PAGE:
Since it is desired to recover the extract stream in relatively purified form, it is desired'that a desorption operation remove the selectively adsorbed extract component from the adsorbent for recovery purposes. Basically, the desorption operation includes either the passing of a gas or hydrocarbon material over the adsorbent in the absence of most raffinate material and the recovery of extract material by the replacement of the purging of the extract material from the adsorbent. Specifically, desorbent materials which can be included in the process of this invention include higher weight olefins such as octene-l or lower molecular weight olefins, all of which are easily capable of separation from butene-l. Specifically, desorbents which contain mixturesof normal olefins and isoparaffins are found to possess desired qualities with respect to desorbing the extract material from the adsorbent.
In specific instances in which liquid operations take place, a preferred desorbent for the butene-l separation includes a mixture of 20 vol.% octent-l and vol.% isooctane. Other desorbent materials can be used such as aromatic hydrocarbons or paraffinic substances. Still other desorbent materialswhich are easily separated from butene-l include such readily available gases as hydrogen or methane or in some instances steam or air, all of which can be used to purge the extract material from the adsorbent.
Adsorption conditions include temperatures from ambient up to about 350 F. or higher. In some instances the 350 F. temperature may be too high as catalytic activity may be initiated at these temperatures, causing either dimerization or isomerization of butene-l to another olefin which may not be desired. Pressures can be of any reasonable range anywhere from vacuum up to many thousands of pounds. The
adsorbent does not have to overcome the vapor pressure differences in the feed components which might have an adverse effect on selectivity when operating in the vapor phase. Adsorption conditions also include the passing of the feed stock over an adsorbent material containing the selective cations. The adsorbent then selectively adsorbs butene-l in the feed stock while leaving raffmate material such as butene-2 or iso-butylene in interstitial void spaces between the adsorbent particles. Included within the definition adsorption conditions can be a purge step in which the raffinate material is either purged from the adsorbent by another hydrocarbon material or removed by a gas-purging step leaving an adsorbent containing essential butene-l at the selective adsorptive sites within the adsorbent particles.
Desorption conditions include the pressure temperature limitations described above for the adsorption conditions. Additionally, desorption conditions include the passage of a desorbent material over the adsorbent after the adsorbent has contacted the feed stock.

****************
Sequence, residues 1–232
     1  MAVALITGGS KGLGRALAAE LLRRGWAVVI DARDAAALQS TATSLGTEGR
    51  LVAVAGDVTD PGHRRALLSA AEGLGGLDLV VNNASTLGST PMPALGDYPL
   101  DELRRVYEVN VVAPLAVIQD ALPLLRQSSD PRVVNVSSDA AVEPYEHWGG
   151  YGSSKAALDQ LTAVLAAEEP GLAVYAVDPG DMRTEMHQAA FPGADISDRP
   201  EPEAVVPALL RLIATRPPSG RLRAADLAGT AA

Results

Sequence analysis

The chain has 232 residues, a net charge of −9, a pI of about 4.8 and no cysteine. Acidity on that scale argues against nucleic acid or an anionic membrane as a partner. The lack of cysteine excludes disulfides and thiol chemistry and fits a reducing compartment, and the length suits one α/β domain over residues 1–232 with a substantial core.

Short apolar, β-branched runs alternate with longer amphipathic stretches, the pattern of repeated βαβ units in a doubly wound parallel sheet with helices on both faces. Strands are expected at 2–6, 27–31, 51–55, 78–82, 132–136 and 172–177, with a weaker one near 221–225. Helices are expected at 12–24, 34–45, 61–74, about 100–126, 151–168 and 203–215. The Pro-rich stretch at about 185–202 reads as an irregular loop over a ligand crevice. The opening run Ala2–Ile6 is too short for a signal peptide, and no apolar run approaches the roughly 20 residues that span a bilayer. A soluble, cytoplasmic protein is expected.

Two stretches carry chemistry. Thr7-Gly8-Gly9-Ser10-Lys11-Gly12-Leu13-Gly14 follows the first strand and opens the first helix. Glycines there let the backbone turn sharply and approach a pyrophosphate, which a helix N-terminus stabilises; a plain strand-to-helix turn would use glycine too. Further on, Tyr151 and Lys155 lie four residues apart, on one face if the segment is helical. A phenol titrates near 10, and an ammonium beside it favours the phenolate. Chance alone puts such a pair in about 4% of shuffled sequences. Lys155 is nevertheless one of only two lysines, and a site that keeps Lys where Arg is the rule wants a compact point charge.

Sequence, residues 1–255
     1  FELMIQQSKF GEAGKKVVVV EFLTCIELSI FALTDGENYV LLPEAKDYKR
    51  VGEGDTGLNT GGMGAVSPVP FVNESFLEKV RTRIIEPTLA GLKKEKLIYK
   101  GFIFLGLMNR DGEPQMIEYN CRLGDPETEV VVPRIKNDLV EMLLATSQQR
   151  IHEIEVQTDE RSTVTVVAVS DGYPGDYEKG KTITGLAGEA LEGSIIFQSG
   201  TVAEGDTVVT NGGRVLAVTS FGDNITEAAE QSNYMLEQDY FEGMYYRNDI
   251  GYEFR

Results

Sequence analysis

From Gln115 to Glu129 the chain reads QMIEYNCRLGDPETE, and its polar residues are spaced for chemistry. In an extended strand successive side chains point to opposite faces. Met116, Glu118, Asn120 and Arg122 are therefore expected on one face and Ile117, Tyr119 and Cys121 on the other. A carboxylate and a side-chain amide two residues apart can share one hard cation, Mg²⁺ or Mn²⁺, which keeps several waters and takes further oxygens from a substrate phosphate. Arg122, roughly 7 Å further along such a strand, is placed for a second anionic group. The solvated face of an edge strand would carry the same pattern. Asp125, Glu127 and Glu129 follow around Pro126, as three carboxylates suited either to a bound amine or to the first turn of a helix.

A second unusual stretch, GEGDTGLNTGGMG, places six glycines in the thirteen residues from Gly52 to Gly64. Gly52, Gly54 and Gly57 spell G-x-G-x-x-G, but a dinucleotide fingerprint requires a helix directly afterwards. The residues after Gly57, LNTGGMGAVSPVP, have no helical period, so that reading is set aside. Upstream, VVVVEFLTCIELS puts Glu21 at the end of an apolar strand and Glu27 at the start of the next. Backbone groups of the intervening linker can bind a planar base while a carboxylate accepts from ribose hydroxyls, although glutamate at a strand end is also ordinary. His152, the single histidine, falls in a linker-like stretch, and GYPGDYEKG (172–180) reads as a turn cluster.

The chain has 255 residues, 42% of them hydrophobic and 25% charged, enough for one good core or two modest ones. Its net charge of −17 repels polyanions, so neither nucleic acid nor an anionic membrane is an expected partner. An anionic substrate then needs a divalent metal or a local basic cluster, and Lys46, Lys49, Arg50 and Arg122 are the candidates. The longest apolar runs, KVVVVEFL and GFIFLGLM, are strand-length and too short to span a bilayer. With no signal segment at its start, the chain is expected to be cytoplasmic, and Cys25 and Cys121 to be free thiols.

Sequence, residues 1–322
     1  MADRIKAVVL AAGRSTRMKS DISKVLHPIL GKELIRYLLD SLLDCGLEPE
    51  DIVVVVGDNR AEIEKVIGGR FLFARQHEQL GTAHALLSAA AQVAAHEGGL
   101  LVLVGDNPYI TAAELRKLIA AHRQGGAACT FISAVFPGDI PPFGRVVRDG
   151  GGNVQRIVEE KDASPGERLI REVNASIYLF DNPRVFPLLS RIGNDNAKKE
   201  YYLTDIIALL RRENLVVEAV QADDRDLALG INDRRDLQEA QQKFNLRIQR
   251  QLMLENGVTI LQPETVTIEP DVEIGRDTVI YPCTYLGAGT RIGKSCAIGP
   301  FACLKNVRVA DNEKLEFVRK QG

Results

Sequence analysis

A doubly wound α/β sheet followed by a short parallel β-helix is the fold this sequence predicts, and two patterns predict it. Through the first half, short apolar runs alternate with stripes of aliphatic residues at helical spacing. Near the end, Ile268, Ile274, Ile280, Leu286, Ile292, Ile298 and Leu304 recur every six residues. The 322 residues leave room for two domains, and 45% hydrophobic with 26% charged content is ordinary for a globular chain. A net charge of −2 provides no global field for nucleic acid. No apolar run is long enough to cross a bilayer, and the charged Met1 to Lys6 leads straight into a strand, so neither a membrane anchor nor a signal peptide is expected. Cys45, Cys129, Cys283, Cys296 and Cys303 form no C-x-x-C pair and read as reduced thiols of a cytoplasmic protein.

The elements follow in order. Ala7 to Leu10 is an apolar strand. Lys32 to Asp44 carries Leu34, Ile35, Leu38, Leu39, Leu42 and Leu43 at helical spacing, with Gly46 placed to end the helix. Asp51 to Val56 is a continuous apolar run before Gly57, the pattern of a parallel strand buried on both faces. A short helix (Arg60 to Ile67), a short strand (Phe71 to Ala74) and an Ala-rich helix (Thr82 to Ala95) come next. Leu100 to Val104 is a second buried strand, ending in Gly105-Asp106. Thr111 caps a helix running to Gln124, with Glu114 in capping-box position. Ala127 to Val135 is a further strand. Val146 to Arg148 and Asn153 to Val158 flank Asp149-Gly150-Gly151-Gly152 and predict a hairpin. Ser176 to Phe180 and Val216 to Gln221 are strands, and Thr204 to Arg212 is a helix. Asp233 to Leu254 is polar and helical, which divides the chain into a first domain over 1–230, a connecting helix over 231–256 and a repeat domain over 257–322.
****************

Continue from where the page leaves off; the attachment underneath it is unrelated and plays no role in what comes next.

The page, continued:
Depending upon the processing scheme utilized, desorption conditions can include a gas purge at a higher temperature than adsorption conditions and in conjunction with a reduced pressure. Using these type operations, butene-l can be easily recoveredfrom the adsorbent. Other desorption conditions can include the passage of desorbent material as a liquid over the ad-. sorbent at conditions to effect the removal of butene-i from the adsorbent and replacement thereof on the adsorbent by the desorbent material. The butene-l material is then recovered in admixture with the desorbent material and is passed into a simple fractionating or separating means in which pure butene-l and desorbent are recovered. Desorption conditions can include the removal or desorbent material from the adsorbent by purging operations. In these instances, the material which is adsorbed upon the adsorbent can be removed by a gas purge or vacuum desorption step. The adsorbent can then be recontacted with feed stock at adsorption conditions.
The various flow schemes which can be utilized to effect the process of this invention include the relatively simple swing-bed operations in which one or more adsorbent beds are connected in a manner to allow ad sorption and desorption operations to take place in each of the beds simultaneously with the switching of feed stock and desorbent materials between the individual adsorbent beds to effect the relatively continuous production of extract and raffmate materials. The process of this invention can also be effected using a single chamber in which alternatestreams are passed through it; however, this process does not render continuous production of extract material.
Especially preferred flow schemes are those generally referred to in the separation art as fixed bed countercurrent flow processes in which a fixed bed and a rotary valve are operated to effect a simulated moving bed operation. The general concept of this flow scheme is disclosed in U. S. Pat. No. 2,985,589 having as its inventor Donald B. Broughton and issued to Universal Oil Products Company.
In some instances, regeneration of the adsorbent may be necessary in order to allow a continuous production of high quality extract material. Regeneration may be required when high quantities of aromatics or contaminant material such as sulfur or nitrogen compounds are present on the adsorbent in a concentration large enough to alter the selectivity below an optimum predetermined level. Specifically, regeneration can include the burning off of contaminant residues on the adsorbent or the contacting 'of the adsorbent with steam or water or hydrocarbons at conditions to effectively flush off the contaminant materials from the adsorbent material. The adsorbent material can then be purged of,regenerant and then reused. In some instances, regeneration may not totally effectively regenerate theadsorbent but may be beneficial however.